The "collapse of the pyramid": the fall of the last cryptocurrency guru

The "collapse" occurred on December 8, 2020. It is the date on which, according to the researchers, the "pyramid" that the broker Javier Biosca had built with the money of hundreds of cryptocurrency investors collapsed. After having lowered in the spring the exorbitant returns with which he had captivated them - from 20% to 10% per week despite the fact that the value of bitcoin grew - in September of last year he began to ignore requests to recover money that, supposedly, was guaranteed. Shortly after, in December, he fled Spain on a private plane and stopped responding to desperate messages from customers, demanding at least the initial deposit, which in some cases amounted to tens of thousands of euros.

It is the summary of the plummeting fall of the last cryptocurrency guru extracted from a UDEF report contributed to the National High Court investigating the case. The document, to which has had access, makes a first analysis of the complaints filed by 272 injured parties and estimates the "minimum" value defrauded at 3.6 million euros. It is, however, a provisional figure and a low one because it only incorporates the information of slightly more than half of those complainants who have already provided documentation with the amount invested. In fact, the complainants - grouped in various associations - raise this figure to almost 500 million euros while ensuring that the number of affected continues to grow and is already close to half a thousand. Some put in modest amounts, from a thousand euros; and others, very high, up to a million; with "profiles of all kinds".

The alleged fraudster, arrested in June in Malaga after the National Court issued a search and arrest warrant against him and who has been in provisional prison since then, was presented as a trader With more than five years of experience, he was able to ensure returns of up to 25% in exchange for being entrusted with an initial deposit that, supposedly, would always be guaranteed. Each week, in relation to the income obtained, it offered three options: recover everything, recover a part or reinvest, which gave investors confidence - by allowing them to redeem part of the money, especially in the first weeks of investment - and favored the entry of new alleged victims who came recommended by clients, friends or family.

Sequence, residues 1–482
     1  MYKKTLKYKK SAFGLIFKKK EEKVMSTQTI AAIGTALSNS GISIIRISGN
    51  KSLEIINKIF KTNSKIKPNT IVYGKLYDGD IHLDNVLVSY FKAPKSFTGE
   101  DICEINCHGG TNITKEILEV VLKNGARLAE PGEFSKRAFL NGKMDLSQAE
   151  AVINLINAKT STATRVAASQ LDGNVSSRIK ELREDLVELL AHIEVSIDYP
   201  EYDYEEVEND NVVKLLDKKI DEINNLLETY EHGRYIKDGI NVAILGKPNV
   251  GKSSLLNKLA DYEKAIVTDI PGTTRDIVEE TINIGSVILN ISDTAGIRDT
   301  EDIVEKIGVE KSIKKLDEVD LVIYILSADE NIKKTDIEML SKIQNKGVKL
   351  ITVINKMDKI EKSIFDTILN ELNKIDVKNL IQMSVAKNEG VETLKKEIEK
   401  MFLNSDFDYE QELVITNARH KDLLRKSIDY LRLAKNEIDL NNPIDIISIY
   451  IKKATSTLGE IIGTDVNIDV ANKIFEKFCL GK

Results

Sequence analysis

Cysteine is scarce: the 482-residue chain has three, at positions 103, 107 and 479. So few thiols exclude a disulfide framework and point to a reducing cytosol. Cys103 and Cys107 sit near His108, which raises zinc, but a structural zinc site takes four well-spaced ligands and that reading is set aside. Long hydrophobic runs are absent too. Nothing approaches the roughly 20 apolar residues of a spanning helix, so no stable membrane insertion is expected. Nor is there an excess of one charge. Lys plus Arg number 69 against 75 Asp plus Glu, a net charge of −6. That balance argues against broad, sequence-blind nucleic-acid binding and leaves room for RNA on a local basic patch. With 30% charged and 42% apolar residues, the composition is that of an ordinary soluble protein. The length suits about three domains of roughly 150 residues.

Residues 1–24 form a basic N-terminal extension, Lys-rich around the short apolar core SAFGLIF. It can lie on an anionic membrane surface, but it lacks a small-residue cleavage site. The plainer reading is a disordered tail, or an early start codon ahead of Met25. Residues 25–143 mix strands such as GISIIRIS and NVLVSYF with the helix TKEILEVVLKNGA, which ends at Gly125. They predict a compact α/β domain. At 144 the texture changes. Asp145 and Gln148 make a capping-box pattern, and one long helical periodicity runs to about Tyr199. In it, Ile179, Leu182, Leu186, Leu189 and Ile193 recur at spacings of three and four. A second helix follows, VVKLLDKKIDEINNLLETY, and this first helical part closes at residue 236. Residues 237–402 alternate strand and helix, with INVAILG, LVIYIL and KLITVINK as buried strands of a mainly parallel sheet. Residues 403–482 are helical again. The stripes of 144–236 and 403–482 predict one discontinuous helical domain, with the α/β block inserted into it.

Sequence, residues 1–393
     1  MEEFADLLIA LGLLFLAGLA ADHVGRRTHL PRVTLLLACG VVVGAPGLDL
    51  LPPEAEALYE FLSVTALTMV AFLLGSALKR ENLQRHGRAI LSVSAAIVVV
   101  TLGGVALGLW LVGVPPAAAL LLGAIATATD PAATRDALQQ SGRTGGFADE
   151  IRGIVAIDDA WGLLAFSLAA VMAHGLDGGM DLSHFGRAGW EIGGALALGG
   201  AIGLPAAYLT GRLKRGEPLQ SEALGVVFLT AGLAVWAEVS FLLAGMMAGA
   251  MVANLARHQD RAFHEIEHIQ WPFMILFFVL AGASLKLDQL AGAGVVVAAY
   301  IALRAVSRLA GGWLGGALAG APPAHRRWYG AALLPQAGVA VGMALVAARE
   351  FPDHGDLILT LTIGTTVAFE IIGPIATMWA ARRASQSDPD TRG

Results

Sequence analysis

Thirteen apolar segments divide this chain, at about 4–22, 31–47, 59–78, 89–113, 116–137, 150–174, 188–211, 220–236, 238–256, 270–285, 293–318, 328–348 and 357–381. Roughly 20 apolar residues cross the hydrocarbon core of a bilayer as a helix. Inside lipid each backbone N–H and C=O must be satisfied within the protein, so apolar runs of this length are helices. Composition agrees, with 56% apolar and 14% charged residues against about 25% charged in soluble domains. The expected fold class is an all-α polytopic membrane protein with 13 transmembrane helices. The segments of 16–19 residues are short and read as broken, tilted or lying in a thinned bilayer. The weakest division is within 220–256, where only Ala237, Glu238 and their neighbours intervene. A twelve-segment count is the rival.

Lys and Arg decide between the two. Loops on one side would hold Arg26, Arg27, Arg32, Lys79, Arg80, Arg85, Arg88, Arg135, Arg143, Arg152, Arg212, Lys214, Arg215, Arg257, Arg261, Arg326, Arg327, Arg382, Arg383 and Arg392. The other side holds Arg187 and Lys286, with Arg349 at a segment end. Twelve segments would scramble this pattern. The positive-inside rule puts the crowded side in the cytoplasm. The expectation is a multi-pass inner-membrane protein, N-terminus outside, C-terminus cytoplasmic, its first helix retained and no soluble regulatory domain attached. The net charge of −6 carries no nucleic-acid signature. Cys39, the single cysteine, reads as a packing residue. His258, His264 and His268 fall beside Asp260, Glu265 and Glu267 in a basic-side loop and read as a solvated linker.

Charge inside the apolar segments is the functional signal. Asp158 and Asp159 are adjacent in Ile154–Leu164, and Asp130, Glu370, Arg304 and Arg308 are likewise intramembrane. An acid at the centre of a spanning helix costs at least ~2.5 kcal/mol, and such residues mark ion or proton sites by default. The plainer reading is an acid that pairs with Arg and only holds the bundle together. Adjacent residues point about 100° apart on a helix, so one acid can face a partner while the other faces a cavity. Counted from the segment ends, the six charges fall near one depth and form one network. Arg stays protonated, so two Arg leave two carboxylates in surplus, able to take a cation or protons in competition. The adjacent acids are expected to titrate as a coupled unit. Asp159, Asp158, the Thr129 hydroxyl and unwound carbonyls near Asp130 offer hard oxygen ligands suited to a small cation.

"The usual thing is that clients recover what they invested in the first weeks. It was Biosca's way of gaining their trust with real amounts so that, in this way, they would bet on reinvesting. But more than 80% of clients have not recovered the capital invested, "says the lawyer Emilia Zaballos, who is presented as promoter of the complaint that gave rise to the procedure and president of the Association of People Affected by Investments in Cryptocurrencies. According to their data, initial deposits range from 10,000 to 200,000 euros, although many of these investors reinvested the alleged profits.

Biosca boasted that it could ensure these returns thanks to bots and "an algorithm" that was "capable of doing a multitude of operations per minute", although the UDEF suspects that it is actually a "fraud in its form of Ponzi scheme or pyramidal ". In fact, the researchers claim that the returns promised by the alleged scammer did not correspond to the appreciation of bitcoin and even raise the possibility that it had never traded in the digital currency market. His company Algorithmics Group also escaped scrutiny from the regulator. The National Securities Market Commission warned on December 14, 2020 that it was not authorized to provide investment services. But the damage was done.